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Illegible writing contradicts purpose of language

Language is amazing. This ability we have to communicate with one another at such a high level of complexity is what makes us special as humans; language is beautiful. Beautiful, that is, until you see it in the writing of a typical high school student.

The handwriting of most people is, quite frankly, atrocious. Despite this being a simple skill learned in primary school and developed tirelessly year after year, many people are unable to write legibly. This is a problem that can be easily fixed with slow, patient writing and determination to improve, but it rarely is because people do not take initiative to do so. This leads to a wide array of problems.

For one, it is incredibly disrespectful for a student to turn in illegible work to a teacher. Teachers are not meant to be translators that can decipher the hieroglyphics that students submit as work and they should not have to carry the burden of a student’s inability to write. It is ridiculous to presume that mature young adults are incapable of learning how to write at even the most basic legibility standard, and as such, turning in illegible work is a signal to the teacher that the student does not care enough about the class to put in sufficient effort.

Many students will argue that it is not important to have decent handwriting, that as long as they can read their own writing, there is no need to improve. This kind of view runs counter to the entire purpose of language in the first place. Writing is, at its core, a form of communication—not just with oneself, but with others as well. If someone’s handwriting fails to be legible to others, then its purpose is lost.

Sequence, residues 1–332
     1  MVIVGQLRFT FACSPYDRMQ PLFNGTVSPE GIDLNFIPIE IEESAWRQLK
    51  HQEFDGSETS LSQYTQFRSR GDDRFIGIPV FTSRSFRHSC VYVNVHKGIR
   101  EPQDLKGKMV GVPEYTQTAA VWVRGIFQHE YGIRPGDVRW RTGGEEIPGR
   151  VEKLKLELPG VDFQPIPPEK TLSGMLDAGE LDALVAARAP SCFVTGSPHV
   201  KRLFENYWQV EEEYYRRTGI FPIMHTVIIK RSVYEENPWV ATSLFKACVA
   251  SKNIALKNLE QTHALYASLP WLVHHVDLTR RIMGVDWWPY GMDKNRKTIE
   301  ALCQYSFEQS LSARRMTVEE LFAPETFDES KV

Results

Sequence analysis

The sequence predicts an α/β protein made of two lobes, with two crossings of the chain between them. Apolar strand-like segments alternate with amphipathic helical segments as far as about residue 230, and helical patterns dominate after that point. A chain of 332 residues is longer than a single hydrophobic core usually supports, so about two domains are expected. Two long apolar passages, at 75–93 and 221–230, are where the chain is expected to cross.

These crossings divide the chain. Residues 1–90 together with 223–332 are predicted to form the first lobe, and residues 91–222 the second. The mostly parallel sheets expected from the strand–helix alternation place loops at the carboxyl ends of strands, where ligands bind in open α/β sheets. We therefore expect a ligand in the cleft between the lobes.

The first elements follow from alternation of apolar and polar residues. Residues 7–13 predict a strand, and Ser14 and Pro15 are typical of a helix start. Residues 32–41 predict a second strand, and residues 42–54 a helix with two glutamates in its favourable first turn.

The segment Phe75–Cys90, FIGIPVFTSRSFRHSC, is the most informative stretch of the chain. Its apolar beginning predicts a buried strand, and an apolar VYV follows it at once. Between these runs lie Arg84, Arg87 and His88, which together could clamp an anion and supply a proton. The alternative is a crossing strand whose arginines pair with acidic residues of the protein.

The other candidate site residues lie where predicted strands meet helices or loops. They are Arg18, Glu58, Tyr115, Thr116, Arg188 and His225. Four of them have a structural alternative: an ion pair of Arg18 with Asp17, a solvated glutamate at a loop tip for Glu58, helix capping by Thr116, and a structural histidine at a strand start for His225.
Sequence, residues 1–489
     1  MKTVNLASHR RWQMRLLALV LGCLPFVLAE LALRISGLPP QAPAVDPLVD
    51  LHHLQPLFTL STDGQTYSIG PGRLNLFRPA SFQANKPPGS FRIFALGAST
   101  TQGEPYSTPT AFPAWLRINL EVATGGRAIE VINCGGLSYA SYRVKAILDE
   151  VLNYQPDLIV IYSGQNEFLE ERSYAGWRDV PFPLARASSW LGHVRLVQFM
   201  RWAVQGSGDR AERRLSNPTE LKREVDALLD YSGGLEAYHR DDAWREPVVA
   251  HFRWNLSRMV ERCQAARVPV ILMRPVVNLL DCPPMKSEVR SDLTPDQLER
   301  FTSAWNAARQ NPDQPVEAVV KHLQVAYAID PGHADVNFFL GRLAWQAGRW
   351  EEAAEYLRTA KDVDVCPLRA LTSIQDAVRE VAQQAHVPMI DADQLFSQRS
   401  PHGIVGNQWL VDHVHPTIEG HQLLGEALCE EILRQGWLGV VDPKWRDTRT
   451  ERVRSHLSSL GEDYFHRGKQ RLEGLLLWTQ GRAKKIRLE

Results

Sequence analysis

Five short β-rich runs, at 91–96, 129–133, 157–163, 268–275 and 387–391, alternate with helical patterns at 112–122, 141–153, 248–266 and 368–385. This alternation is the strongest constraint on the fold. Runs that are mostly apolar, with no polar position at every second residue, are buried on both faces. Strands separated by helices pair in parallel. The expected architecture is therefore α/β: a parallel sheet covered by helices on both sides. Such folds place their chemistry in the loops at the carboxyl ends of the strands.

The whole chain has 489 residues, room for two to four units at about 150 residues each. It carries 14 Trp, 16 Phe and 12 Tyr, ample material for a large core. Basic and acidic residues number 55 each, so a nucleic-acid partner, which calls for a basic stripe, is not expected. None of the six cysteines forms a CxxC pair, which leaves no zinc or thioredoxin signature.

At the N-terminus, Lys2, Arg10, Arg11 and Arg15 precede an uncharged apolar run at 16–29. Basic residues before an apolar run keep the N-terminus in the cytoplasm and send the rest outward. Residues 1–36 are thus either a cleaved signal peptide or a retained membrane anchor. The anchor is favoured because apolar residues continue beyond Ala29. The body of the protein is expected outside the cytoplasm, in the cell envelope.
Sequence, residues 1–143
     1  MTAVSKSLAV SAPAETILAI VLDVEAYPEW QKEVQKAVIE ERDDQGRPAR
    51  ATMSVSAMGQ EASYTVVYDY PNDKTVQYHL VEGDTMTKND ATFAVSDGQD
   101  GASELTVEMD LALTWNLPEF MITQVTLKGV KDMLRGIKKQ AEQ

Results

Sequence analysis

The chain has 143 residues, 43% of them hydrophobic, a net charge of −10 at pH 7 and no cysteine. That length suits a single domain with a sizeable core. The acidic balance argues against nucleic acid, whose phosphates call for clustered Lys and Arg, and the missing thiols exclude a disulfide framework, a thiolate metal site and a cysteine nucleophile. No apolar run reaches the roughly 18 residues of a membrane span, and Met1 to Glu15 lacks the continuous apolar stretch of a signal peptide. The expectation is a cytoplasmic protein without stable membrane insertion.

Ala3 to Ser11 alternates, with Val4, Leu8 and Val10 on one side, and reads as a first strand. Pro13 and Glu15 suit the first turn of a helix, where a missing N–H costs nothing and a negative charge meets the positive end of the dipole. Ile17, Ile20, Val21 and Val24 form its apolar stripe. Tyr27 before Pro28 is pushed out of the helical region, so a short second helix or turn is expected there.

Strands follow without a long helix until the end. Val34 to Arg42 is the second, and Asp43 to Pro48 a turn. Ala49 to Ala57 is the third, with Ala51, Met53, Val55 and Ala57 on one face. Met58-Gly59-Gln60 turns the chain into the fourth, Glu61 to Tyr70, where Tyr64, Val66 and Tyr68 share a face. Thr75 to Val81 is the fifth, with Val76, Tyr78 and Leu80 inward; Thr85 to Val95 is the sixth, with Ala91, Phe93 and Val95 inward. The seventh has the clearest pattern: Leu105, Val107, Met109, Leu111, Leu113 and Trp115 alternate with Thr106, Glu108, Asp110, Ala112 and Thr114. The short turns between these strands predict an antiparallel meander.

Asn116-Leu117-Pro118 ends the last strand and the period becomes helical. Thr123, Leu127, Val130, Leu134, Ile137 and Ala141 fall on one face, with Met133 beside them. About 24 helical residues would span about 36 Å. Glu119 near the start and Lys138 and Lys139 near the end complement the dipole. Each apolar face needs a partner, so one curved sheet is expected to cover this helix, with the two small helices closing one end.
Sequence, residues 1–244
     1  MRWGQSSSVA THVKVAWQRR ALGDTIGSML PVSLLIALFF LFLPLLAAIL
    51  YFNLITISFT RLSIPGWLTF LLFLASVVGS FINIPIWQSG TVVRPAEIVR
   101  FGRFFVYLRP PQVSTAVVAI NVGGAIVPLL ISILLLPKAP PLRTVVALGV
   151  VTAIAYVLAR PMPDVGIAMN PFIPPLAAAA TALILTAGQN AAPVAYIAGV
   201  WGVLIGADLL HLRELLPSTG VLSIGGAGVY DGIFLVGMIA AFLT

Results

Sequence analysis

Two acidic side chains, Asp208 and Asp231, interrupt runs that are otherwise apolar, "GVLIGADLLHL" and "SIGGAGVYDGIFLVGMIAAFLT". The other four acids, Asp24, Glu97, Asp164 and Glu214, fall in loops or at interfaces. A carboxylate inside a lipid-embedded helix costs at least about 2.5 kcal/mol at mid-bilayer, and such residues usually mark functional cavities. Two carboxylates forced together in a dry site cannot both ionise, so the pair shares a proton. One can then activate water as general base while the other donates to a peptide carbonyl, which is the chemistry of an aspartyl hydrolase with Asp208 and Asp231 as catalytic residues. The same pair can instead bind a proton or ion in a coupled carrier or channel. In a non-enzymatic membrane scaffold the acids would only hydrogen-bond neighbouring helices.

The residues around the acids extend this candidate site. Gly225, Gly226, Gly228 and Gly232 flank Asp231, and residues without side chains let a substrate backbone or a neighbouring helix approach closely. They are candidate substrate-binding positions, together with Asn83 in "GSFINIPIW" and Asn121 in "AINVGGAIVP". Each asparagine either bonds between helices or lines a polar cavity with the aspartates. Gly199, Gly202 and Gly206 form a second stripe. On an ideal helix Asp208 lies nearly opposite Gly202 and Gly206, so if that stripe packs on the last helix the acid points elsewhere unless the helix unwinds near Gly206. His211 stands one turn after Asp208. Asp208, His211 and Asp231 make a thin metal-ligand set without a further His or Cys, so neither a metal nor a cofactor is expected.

Furthermore, some students believe that handwriting is a talent, not a skill, and that they cannot learn to improve it. While it is true that some are more naturally adept at writing than others, the notion that it is impossible to improve is a misguided one. As someone with impeccable handwriting myself, I can attest to the benefit of practicing writing. I was once a lost soul who could not communicate his words on paper, but through practice, I became a calligrapher.

The way we communicate with one another is essential in our world and it is ridiculous that some of us are not able to do so clearly through writing. There are simply no excuses for not improving one’s handwriting when there are no benefits to having poor penmanship.

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